some of my favorite frames for art

by | May 26, 2021 | Decorating | 9 comments

In recent weeks and months, I’ve been asked a few times about framing original art, so I thought I would share some of my favorite frames in a blog post.

Let me kick this off by saying I don’t think there is a “wrong way” to frame art.  A frame becomes a part of the artwork and is completely subjective.  It’s based on personal preference and style.  So, these are my favorite frames for art, but there is a whole wide world of options out there and it’s just a matter of finding what works for both your aesthetic and the specific piece you are framing.

favorite frames for art | antique & vintage frames

Since I love antiques and a more classic design aesthetic, I love the look of antique frames and will use them whenever I can find a frame that fits and suits the piece.  To me, they give an original painting, specifically an oil painting, a sense of history and age.  I started oil painting primarily because I love the richness and personality original paintings lend to interiors.  Putting my new paintings in older frames adds to their personality in my opinion.

I was delighted when I found an old plaster frame in my stash (purchased at a yard sale) that fit my cow/calf painting You Come Too.  (You can find a print HERE and they are currently 30% off!)

my favorite frames for art | boxwood green butler's pantry miss mustard seed

I also used an antique wood and gold frame for this sepia portrait study hanging in my studio…

my favorite frames for art | art studio | miss mustard seed

I also had the perfect antique frame for this sepia portrait of one of my ancestors…

my favorite frames for art | miss mustard seed

The tricky thing with antique and vintage frames is finding one that’s the right size and style.  Since I paint, I am always on the lookout for great frames, particularly those in standard sizes.  If I find one at a good price, I’ll buy it knowing I’ll eventually have a piece to put in it.  If the frame isn’t a standard canvas or panel size, I can cut a panel to fit.

Local antique stores, antique markets, flea markets, thrift stores, and yard sales are the best places to find frames inexpensively, but Etsy and eBay are also great resources.

favorite frames for art | thrift store finds

Frames are almost always plentiful at thrift stores, but it can be tricky to find ones that are more than cheap plastic and wood.  They can be found, though!  Just look regularly and keep an open mind.  Don’t look at the art, but the frame.  Alternatively, if you’re looking for art, pay attention to the art and not the frame.  Sometimes a great frame doesn’t sell because the art isn’t particularly desirable or art doesn’t sell because the frame is detracting from its beauty.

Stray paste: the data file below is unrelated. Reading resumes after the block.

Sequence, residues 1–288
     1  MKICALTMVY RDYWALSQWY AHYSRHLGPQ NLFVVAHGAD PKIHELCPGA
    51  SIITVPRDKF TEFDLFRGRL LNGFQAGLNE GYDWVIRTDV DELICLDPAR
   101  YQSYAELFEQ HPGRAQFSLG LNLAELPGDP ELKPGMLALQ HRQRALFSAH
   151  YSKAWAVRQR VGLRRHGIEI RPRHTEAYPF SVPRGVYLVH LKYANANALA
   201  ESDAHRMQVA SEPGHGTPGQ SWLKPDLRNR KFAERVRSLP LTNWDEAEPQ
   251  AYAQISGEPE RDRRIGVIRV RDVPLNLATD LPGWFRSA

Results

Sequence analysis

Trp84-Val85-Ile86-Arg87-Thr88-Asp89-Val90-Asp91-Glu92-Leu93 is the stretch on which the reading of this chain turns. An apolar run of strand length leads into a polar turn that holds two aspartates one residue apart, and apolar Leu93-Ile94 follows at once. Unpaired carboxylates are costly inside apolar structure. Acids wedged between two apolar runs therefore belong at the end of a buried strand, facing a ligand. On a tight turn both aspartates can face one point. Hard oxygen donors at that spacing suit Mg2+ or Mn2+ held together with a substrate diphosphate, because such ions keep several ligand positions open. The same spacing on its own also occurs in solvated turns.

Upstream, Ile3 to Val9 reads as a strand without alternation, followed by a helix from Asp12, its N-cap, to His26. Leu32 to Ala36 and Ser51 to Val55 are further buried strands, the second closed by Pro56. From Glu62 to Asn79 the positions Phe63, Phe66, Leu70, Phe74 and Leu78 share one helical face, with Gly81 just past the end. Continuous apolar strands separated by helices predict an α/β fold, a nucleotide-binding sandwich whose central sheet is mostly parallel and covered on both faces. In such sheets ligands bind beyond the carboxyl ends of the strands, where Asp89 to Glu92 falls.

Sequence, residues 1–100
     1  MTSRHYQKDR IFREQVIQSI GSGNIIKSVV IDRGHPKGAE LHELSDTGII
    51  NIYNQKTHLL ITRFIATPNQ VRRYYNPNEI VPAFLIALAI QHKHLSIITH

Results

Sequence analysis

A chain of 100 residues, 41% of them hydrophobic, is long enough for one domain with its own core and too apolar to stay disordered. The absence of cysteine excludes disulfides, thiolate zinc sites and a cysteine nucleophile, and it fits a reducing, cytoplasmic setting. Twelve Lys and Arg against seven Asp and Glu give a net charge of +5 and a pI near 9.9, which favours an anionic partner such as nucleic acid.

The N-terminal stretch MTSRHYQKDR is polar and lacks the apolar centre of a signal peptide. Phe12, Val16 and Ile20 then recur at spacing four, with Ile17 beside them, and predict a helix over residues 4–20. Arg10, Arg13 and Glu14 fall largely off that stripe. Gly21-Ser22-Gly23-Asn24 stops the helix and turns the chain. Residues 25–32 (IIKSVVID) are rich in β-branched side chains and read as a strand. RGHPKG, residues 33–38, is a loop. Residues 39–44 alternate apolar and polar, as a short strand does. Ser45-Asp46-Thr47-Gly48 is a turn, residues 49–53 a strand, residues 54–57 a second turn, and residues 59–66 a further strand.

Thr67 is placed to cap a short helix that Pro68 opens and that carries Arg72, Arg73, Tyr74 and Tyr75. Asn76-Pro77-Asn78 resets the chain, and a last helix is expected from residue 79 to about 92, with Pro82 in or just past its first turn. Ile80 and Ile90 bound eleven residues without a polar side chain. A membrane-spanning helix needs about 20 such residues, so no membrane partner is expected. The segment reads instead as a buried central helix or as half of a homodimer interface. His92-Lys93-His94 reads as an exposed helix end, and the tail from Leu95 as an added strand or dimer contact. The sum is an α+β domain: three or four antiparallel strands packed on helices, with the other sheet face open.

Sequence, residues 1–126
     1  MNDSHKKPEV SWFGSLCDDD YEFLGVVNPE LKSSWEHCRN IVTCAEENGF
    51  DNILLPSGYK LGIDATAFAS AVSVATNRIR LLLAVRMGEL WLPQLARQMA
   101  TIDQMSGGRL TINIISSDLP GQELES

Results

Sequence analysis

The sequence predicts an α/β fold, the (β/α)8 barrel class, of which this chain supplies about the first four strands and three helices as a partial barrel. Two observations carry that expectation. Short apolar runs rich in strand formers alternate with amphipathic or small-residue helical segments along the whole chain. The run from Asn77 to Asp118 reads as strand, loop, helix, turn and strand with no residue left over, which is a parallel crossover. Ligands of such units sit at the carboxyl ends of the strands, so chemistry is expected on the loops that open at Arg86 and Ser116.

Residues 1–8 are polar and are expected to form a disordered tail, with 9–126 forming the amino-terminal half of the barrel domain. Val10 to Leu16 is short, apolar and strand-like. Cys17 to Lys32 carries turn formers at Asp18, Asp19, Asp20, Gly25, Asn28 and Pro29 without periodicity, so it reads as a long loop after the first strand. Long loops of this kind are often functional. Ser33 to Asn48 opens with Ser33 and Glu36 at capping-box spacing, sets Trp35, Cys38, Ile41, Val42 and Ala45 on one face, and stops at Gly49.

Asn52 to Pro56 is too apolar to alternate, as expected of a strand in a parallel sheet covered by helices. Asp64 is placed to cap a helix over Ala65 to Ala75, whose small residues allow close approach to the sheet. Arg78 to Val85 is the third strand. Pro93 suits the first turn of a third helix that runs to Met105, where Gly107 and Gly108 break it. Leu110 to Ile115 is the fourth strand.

Also, look at shape, scale, and size over the material or finish.  Frames can always be painted, refinished, or covered in gold leaf to give it an entirely different look.  For example, I found a sweet frame at a thrift store that was made of plastic and it was a bright blue.  I ended up painting it and most people would never guess it wasn’t wood.  Can you tell which frame is painted?

my favorite frames for art | miss mustard seed

It’s the ornate one in the top right corner!

favorite frames for art | customizing store-bought frames

You can take customizing beyond thrift store finds and add your personal touch to store-bought frames, too.  I almost always look in the sale sections of stores that sell frames and art to see if there are any frames that can be painted or gold-leafed.  (You can find a tutorial on apply gold leaf to a frame HERE.)  This is a great way to get a higher-end look on a budget.

my favorite frames for art | miss mustard seed

The frame that is over my fireplace was bought on clearance for $11 at Hobby Lobby years ago!  I covered it in imitation gold leaf and it’s held many paintings, chalkboards, and even mirrors over the years.

my favorite frames for art | family room | box beams | miss mustard seed

Another way to customize store-bought frames is to have a mat custom-cut to fit the frame and the art, especially if it’s an irregular size.  Custom mats are much more affordable than custom frames, so this gives you a little bit of both while keeping the price reasonable.

favorite frames for art | white frames & mats

For sketches, watercolors, color charts, and other little pieces, I love a simple white frame and a white mat.  I think it really lets the artwork shine.

my favorite frames for art | color chart on linen | miss mustard seed

Most of the pieces I’ve framed in this manner don’t even fit the mat opening in a traditional way.  I just mount the small painting to a piece of watercolor paper and frame that.  It makes the art piece sit up a little bit, almost like it’s in a small shadow box.  I think the look is pretty cool!

I bought the frames in my office from Target a few years ago.  You can find similar ones HERE.

my favorite frames for art | miss mustard seed

favorite frames for art | plein air frame

Lastly, I love the plein air frames from Blick.  They come in several different sizes and finishes, they are inexpensive, and they are a traditional choice for oil paintings.  You can find those HERE.

my favorite frames for art | plein air frame | miss mustard seed